Bill de Blasio was swept to the New York mayoralty on the promise of getting Gracie Mansion out from under the thumb of corporate elites. So how worried should you be that he listened to Chicago’s Rahm Emanuel and is now getting advice on his transition from Emanuel’s corporate consultants.
The story first broke three weeks ago in the web publication Capital New York. “De Blasio’s Shadow Transition” cited an unnamed source (I know who the source is, and can vouch for his trustworthiness) who said that following a November meeting between de Blasio and Emanuel, the nonprofit group Civic Consulting USA “has ‘embedded’ into the process a team drawn up from the ‘creme de la creme of big New York consultants.’ This group has shaped the process by organizing the original transition team into a number of topic-specific committees and then bringing in an even greater number of other people onto those committees to participate in the search for future administration members.” Civic Consulting USA is an offshoot of a Chicago group, the Civic Consulting Alliance, which provides opportunities for corporate executives to do pro bono work on municipal affairs. And in Chicago, where CCA was also instrumental in staffing Emanuel’s transition, their record has been creepy.
Regular readers of my work for The Nation are familiar with my reporting on how Mayor Emanuel rammed through the nation’s largest school closing. Because the move so plainly defied common sense, democratic procedure, empirical honesty, racial and class equity, safety and sound educational policy (see my reporting here, here, here, and here), the plutocrat-heavy school board Rahm personally appointed faced the problem of how to sell it. That’s where the Civic Consulting Alliance came in—and also the Walton Family Foundation, the right-wing group controlled by the family that owns Wal-Mart, who are rather gung-ho to close public schools in order to turn them over to charter school operators.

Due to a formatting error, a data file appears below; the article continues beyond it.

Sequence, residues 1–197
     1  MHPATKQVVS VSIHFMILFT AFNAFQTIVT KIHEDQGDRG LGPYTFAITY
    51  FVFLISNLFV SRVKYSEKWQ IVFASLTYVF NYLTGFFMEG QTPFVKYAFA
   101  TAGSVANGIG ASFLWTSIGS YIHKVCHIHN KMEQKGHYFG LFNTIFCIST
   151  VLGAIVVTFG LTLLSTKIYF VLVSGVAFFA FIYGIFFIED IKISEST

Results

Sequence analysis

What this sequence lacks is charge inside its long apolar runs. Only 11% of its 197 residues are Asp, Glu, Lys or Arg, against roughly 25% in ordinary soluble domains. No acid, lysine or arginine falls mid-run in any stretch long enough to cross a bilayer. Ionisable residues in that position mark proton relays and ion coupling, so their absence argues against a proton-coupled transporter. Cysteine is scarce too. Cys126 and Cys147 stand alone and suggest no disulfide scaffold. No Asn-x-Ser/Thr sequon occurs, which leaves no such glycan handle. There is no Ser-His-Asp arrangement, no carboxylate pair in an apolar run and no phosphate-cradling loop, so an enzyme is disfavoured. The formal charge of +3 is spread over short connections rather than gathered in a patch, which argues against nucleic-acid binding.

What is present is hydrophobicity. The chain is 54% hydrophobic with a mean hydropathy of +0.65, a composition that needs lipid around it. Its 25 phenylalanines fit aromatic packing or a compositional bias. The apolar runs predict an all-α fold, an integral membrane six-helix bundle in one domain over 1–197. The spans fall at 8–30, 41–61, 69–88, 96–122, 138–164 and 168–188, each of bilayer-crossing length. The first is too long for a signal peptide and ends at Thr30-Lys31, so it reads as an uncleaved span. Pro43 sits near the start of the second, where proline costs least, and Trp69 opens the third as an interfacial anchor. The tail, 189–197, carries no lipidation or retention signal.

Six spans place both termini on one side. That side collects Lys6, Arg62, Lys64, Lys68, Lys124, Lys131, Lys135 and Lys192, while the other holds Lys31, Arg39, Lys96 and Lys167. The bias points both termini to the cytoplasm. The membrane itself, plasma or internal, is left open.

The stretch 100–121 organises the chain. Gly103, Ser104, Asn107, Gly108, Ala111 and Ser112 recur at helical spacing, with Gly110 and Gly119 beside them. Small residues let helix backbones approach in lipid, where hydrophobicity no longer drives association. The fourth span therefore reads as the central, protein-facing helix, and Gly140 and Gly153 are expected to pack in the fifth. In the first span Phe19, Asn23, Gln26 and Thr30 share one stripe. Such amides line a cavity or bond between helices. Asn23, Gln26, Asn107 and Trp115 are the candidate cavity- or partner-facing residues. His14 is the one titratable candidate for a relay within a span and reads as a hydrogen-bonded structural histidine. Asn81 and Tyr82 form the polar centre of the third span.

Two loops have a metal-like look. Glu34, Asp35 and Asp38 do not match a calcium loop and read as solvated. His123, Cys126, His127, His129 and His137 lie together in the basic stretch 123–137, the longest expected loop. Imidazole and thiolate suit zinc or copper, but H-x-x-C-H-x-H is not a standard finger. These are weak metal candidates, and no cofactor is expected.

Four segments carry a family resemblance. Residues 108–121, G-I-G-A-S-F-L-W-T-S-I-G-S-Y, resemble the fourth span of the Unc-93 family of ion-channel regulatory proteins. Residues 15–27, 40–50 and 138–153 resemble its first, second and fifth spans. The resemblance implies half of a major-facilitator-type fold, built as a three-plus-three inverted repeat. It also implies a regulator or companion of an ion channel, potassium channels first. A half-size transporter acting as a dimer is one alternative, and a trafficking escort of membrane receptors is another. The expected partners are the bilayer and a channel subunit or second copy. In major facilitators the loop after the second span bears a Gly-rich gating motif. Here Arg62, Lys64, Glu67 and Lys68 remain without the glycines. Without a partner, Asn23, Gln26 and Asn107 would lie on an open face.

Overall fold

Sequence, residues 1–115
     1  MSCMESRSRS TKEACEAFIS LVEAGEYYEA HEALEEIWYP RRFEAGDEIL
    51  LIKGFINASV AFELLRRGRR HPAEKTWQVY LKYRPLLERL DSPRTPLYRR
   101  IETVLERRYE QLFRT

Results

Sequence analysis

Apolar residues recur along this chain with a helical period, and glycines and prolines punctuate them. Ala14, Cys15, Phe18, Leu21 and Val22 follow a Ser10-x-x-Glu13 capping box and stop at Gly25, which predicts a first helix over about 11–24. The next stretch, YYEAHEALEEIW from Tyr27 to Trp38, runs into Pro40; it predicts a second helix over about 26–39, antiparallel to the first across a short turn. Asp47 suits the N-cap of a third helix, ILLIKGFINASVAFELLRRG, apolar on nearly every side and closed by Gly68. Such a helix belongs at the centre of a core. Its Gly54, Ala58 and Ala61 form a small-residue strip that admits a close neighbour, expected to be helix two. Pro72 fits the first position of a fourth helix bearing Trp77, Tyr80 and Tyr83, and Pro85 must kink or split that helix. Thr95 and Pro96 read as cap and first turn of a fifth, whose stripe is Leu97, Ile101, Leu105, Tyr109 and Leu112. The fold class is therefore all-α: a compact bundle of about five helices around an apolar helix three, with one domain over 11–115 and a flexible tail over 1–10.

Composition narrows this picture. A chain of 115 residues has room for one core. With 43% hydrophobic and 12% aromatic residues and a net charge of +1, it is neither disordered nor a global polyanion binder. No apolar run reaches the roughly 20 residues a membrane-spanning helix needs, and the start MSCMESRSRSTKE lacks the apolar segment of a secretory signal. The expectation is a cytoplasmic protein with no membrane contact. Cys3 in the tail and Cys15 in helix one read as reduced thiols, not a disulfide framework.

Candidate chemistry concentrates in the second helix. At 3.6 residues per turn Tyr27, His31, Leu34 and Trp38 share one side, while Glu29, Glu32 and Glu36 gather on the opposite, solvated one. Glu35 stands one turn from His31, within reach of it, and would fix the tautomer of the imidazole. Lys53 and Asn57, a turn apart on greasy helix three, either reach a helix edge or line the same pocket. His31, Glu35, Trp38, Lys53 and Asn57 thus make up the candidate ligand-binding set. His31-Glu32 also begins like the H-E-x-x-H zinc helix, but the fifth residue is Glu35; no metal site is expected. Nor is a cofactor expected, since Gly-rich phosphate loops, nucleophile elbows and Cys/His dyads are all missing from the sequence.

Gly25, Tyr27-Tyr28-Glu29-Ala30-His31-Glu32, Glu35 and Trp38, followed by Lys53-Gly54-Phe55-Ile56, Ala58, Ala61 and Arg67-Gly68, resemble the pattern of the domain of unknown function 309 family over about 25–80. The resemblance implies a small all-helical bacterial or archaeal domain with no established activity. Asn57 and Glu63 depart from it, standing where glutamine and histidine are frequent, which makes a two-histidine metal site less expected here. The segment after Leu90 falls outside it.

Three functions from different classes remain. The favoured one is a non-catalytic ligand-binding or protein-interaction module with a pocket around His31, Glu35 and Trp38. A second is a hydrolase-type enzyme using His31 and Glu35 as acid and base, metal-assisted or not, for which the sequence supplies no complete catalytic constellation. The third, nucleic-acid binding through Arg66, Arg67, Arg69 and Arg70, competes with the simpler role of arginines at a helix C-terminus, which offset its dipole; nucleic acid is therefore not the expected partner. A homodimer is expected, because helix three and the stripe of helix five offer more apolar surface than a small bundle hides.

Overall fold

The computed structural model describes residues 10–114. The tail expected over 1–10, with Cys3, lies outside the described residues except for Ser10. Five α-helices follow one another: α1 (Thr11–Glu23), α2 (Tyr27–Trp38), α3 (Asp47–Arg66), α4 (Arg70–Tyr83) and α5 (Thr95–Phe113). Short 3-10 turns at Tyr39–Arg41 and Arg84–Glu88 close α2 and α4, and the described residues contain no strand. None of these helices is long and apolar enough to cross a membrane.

is being underwritten by the Walton Family Foundation (a foundation run by the founders of Wal-Mart). The Walton Foundation has fueled the expansion of charter schools across the country and, in January, announced that CPS was the largest recipient of charter school grants in the country.
The Walton Foundation agreed in November to provide CPS with a grant for the community engagement process around the “utilization crisis,” according to the CPS communications office. The foundation lists a $478,000 grant to the Children First Foundation, a not-for-profit set up by CPS…
The district had not budgeted for a “rigorous community engagement effort” and therefore needed to reach out for funding, notes spokeswoman Becky Carroll. CPS is using the grant to pay for the “independent facilitators” from the Loran Marketing Group, which is running the breakout sessions at the community meetings.